For once, all the rumors were correct. Ford's reveals of the new-generation Raptor and yes-they're-building-it Ford GT at their press preview at the Detroit Auto Show weren't the only news from the "Ford Performance"brand. Finished in the same shade of metallic "Liquid Blue" as the aforementioned show stopper introductions, the Shelby GT350R flat-crank roared its way onto the display platform from back stage and twirled a tire-spinning 180-degree turn to a surprising amount of cheering from the assembled press.
If there was anything about the pre-show rumors that was not correct, it was the belief that the 350R would stand in essentially the same relationship to the standard GT350 as the Boss 302 Laguna Seca did to the not-so-plain-Jane Boss back in 2012. While the basic idea of the GT350R is similar to that of the Laguna Seca, there's more differentiation—and even more visual drama.
To begin with, there's a 130-pound weight savings from deletions (rear seat, air conditioning) and additions (the first-ever mass-market application of carbon-fiber wheels). Not to worry, you can add the comfort stuff back with an optional package if you're so inclined. A far more visually aggressive aero package includes a sharply-angled rear spoiler rendered in carbon fiber and a new front splitter that is deep and aero dynamically complex.
What will the GT350R be like to drive? Our experience with the 2015 GT Performance Pack, which lapped the Motown Mile faster than a 2012 Boss 302, shows that the base car is a solid foundation for a track car. A few hundred extra pounds and a less aggressive suspension package can't quite undo the clear advantages gained from the much stiffer S550 platform and the remarkably effective independent rear suspension. Most notably, the new Mustang offers much more detailed feedback from the steering, which helps the driver extract a quicker lap time in ways that aren't readily apparent from the lateral-grip and quarter-mile numbers.
Adding the Michelin Pilot Sport Cup 2 tires that come as standard equipment on the "R" will further exacerbate this steering-feel advantage. Our experience with the standard 2012 Boss 302 and Laguna Seca models back-to-back indicated that it was not always perfectly easy to work the Laguna Seca's Pirelli P Zero Corsas at their absolute limit on anything besides a billiard-smooth track. This was partially due to the live rear axle, but it was also a function of steering that was outstanding for a pony car but only adequate by sporting standards. The new Mustang is much better. For this reason alone, look for the GT350R to obtain a bigger lap time advantage over its "base" sibling than the Boss 302 Laguna Seca could eke out.
The GT350R doesn't need the X-brace of the Laguna Seca,but it does benefit from track-oriented changes ranging from the alignment and ride height to spring settings, anti-roll bar stiffness, and a new calibration for the MagneRide.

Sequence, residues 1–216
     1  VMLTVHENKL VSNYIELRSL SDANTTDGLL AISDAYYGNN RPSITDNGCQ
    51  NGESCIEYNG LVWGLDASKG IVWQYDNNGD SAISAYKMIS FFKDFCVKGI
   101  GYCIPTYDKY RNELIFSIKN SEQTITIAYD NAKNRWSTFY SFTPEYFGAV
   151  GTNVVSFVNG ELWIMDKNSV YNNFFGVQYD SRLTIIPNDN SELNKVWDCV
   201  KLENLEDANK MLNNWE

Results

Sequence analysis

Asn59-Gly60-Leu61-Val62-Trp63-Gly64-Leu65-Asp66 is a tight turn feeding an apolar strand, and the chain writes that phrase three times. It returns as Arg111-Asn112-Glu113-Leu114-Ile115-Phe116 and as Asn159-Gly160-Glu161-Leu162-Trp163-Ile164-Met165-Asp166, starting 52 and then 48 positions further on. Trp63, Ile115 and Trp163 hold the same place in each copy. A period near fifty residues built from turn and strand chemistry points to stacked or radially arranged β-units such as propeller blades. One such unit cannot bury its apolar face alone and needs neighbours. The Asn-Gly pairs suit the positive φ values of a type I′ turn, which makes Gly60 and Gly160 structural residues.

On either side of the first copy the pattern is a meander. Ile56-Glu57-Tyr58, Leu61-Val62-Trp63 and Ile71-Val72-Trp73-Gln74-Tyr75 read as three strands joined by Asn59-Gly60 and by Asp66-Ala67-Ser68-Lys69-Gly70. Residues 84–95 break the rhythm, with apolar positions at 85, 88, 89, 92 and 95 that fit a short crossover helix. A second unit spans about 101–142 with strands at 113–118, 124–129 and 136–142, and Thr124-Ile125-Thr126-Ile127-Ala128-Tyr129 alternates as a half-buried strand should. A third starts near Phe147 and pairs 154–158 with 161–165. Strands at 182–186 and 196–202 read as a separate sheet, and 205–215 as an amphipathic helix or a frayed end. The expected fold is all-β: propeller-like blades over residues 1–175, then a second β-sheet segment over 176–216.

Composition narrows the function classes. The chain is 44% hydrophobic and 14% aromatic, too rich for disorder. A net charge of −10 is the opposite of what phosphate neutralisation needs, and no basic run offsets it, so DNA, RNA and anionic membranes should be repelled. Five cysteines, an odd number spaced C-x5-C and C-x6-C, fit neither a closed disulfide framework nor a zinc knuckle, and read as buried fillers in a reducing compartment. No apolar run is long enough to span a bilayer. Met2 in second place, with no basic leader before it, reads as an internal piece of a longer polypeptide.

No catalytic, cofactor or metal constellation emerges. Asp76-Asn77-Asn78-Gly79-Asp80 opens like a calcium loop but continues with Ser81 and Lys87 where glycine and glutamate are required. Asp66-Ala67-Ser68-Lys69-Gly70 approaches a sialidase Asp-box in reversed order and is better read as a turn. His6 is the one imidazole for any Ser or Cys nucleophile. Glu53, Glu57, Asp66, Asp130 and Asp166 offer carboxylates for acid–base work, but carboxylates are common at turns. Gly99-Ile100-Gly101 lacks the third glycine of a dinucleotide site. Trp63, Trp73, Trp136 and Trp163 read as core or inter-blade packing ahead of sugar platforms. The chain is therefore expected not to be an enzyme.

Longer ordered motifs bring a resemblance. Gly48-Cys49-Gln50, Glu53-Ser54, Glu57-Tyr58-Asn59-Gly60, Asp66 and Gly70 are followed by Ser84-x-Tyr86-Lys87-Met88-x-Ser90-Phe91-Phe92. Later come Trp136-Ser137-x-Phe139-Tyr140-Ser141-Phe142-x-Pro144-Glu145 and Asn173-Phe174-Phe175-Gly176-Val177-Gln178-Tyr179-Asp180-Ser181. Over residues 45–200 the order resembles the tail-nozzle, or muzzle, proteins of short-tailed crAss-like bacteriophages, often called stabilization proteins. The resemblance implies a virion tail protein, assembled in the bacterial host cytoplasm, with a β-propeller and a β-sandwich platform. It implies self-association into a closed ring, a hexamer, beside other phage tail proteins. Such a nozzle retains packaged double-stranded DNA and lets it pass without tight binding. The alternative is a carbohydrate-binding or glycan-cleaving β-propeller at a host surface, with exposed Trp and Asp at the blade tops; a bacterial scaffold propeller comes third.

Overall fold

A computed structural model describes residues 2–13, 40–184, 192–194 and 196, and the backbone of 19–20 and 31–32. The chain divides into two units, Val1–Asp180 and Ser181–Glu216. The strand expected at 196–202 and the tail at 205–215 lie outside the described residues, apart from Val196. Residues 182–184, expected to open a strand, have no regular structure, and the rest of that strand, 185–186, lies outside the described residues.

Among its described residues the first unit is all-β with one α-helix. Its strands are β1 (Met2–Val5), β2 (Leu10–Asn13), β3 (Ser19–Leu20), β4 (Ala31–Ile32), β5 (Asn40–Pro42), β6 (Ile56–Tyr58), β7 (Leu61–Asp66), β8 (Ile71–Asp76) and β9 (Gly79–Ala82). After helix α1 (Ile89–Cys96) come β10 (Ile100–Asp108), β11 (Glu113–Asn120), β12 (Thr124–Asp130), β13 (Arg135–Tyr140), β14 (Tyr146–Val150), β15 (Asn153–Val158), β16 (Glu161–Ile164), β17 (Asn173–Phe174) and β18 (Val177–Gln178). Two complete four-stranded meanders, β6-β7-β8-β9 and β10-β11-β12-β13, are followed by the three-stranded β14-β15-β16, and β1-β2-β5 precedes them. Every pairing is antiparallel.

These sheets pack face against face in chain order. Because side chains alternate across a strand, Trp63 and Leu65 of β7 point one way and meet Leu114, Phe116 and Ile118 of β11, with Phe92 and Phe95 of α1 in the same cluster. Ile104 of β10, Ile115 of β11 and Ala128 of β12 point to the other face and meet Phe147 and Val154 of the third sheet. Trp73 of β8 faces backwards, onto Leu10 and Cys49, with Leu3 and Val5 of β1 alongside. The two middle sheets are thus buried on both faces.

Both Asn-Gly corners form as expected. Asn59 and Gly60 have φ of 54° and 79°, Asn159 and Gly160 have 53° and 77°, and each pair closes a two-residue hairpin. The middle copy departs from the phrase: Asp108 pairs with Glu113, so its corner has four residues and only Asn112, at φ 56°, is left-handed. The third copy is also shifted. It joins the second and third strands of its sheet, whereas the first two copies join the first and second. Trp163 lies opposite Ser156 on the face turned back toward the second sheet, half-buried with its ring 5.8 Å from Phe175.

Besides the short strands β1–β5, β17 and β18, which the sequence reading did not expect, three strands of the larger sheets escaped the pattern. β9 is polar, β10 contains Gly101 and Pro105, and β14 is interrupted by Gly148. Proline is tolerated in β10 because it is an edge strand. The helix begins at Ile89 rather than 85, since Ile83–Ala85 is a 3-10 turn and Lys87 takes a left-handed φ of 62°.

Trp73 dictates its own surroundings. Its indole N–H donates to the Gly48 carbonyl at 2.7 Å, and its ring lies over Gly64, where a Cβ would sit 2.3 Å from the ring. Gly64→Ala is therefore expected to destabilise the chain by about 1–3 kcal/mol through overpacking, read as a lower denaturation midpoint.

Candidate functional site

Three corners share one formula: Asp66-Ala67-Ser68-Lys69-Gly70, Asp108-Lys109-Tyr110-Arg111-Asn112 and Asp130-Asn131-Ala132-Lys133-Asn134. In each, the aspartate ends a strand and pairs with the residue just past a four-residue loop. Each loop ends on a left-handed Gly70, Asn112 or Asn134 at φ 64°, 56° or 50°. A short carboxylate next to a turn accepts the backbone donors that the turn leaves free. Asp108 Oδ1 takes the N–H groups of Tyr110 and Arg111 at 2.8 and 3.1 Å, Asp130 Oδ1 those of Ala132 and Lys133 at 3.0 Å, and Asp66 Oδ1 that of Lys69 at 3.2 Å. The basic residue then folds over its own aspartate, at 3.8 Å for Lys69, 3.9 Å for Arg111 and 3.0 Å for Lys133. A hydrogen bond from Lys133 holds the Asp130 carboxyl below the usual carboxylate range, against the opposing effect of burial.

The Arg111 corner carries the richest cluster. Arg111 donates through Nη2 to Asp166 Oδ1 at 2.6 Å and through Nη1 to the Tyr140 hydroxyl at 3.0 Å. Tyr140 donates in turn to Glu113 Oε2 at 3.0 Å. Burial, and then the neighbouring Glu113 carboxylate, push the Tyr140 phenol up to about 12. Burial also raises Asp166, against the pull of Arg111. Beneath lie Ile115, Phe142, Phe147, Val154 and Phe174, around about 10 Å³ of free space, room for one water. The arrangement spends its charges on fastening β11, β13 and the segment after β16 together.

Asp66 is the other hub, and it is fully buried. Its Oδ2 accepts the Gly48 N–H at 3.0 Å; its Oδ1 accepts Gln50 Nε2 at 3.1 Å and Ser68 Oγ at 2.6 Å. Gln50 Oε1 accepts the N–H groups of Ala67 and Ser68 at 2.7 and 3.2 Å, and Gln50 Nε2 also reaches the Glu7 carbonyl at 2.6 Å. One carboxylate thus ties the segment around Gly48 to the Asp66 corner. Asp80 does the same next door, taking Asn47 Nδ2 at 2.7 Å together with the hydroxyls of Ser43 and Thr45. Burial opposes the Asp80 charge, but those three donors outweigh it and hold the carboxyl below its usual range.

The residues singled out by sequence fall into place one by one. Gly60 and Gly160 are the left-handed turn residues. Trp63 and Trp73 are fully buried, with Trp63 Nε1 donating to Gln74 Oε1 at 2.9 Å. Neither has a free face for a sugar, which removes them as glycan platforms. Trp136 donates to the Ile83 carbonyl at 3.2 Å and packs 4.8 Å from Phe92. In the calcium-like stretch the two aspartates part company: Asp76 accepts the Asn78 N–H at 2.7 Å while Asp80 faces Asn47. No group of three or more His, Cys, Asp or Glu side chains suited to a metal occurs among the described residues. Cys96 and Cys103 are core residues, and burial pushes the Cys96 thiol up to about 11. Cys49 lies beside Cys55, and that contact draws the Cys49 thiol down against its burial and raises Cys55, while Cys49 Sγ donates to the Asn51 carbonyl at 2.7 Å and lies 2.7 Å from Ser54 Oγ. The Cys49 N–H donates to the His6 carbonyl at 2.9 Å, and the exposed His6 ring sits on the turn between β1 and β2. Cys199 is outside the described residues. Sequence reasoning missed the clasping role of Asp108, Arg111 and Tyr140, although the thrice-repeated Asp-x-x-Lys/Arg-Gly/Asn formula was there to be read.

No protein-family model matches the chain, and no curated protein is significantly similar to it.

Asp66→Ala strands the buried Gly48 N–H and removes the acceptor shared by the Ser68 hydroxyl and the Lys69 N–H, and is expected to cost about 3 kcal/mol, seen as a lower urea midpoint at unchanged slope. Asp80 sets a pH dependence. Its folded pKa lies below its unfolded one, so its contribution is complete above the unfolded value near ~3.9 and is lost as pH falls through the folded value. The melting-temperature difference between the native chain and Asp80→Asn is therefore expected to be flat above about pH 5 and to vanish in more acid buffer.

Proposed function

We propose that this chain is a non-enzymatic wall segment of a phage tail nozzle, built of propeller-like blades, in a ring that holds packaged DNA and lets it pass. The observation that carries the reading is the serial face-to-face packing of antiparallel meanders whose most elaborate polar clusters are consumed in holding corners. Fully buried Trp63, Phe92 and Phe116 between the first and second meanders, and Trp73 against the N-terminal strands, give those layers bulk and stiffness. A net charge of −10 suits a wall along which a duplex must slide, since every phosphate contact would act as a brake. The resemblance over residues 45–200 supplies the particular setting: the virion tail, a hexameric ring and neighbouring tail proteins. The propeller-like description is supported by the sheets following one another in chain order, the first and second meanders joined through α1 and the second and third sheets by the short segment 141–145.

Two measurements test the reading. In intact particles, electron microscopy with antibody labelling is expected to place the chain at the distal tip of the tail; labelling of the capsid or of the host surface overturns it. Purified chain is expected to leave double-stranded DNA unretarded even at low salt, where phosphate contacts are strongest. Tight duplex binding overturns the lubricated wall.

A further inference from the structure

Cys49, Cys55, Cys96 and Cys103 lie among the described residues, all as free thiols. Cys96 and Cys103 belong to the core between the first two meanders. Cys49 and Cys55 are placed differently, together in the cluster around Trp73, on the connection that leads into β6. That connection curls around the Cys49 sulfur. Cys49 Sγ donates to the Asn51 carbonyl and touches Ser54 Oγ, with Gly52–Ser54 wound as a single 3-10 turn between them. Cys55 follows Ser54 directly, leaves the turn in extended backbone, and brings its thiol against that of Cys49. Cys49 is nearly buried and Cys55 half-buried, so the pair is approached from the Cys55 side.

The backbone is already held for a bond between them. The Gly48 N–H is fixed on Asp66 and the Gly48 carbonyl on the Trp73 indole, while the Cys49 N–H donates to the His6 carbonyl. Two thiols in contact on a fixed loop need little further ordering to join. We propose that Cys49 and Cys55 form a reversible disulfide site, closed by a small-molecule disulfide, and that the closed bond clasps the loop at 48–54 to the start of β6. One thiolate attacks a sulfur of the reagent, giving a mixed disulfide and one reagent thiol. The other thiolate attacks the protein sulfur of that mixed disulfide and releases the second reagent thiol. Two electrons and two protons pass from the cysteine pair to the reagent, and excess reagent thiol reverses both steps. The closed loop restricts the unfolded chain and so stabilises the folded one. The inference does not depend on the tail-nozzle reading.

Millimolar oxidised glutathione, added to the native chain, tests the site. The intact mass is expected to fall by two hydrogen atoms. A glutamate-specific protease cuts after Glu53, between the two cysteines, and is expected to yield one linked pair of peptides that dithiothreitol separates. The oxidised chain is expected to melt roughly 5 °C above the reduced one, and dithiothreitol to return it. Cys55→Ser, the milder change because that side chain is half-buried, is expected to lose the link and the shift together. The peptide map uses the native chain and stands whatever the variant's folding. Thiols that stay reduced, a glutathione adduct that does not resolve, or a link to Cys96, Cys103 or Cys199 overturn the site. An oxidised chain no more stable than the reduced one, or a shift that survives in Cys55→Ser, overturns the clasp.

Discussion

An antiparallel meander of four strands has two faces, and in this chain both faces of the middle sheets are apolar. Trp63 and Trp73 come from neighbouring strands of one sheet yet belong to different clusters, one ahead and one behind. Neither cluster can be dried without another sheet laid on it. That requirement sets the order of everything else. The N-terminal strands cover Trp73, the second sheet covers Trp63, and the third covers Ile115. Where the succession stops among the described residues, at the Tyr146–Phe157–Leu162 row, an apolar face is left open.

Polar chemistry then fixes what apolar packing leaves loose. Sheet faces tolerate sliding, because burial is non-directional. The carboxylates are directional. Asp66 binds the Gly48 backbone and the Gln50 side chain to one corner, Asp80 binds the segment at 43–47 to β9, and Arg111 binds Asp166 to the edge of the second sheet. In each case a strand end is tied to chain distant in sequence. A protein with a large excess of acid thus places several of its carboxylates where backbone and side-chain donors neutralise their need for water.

Which leads to the question: How will the GT350R fare against the Camaro Z/28? Well, the bowtie fans in the audience won't want to hear it, but this is likely to be a two-hit situation: The GT350R is going to hit the market, and the Z/28 owners are going to hit the aftermarket looking for ways to keep up. Not only is the 500--horsepower flat-crank Shelby engine likely to offer more area under the curve than the LS7, particularly in the rev ranges that really matter to track day drivers, the S550 GT has already shown itself to offer more feedback and more driver satisfaction than the relatively massive and inert current-generation Camaro.
While the Z/28 is spectacular in the right environment—like the Alan-Wilson-penned Thermal Club racetrack where it impressed us inApril of 2014—around the Motown Mile our staffers preferred the stock GT to the super-Camaro. The Shelby enhancements will only widen the gap.
Of course, the Camaro's primary weaknesses, namely size and weight, are likely going to be rectified by the Alpha-platform successor when it arrives. A Camaro with the Z/28's power and the back road aplomb of Cadillac's ATS might reset the rule book in a hurry. GT350R driver might rule the roost when they get the keys from the dealer in late 2015, but the future after that is much less certain.
Which leads us to the obvious question, or at least the obvious question to the gearheads around the R&T offices: If there's a market for even more hardcore versions of hardcore pony cars, why isn't Chrysler in that market?
Not with the Hellcat, mind you; that's a well-rounded boulevardier that just happens to deliver the raw power of a General Electric turbo jet.What about an SRT8 with R-compound tires, adjustable suspension, no back seat,an X-brace, and a high-revving variant of the 6.4-liter? Call it the F6F, maybe. It might not be able to whip the GT350R on a racetrack, but it might be close enough for unusually skilled Mopar pilots to close the gap around VIR or Laguna Seca.
Only time will tell, but in the meantime, trust us: If you have a deposit with a Ford dealer for a GT350, you need to pick up that phone and make sure you can add the "R".
It'll be worth the money.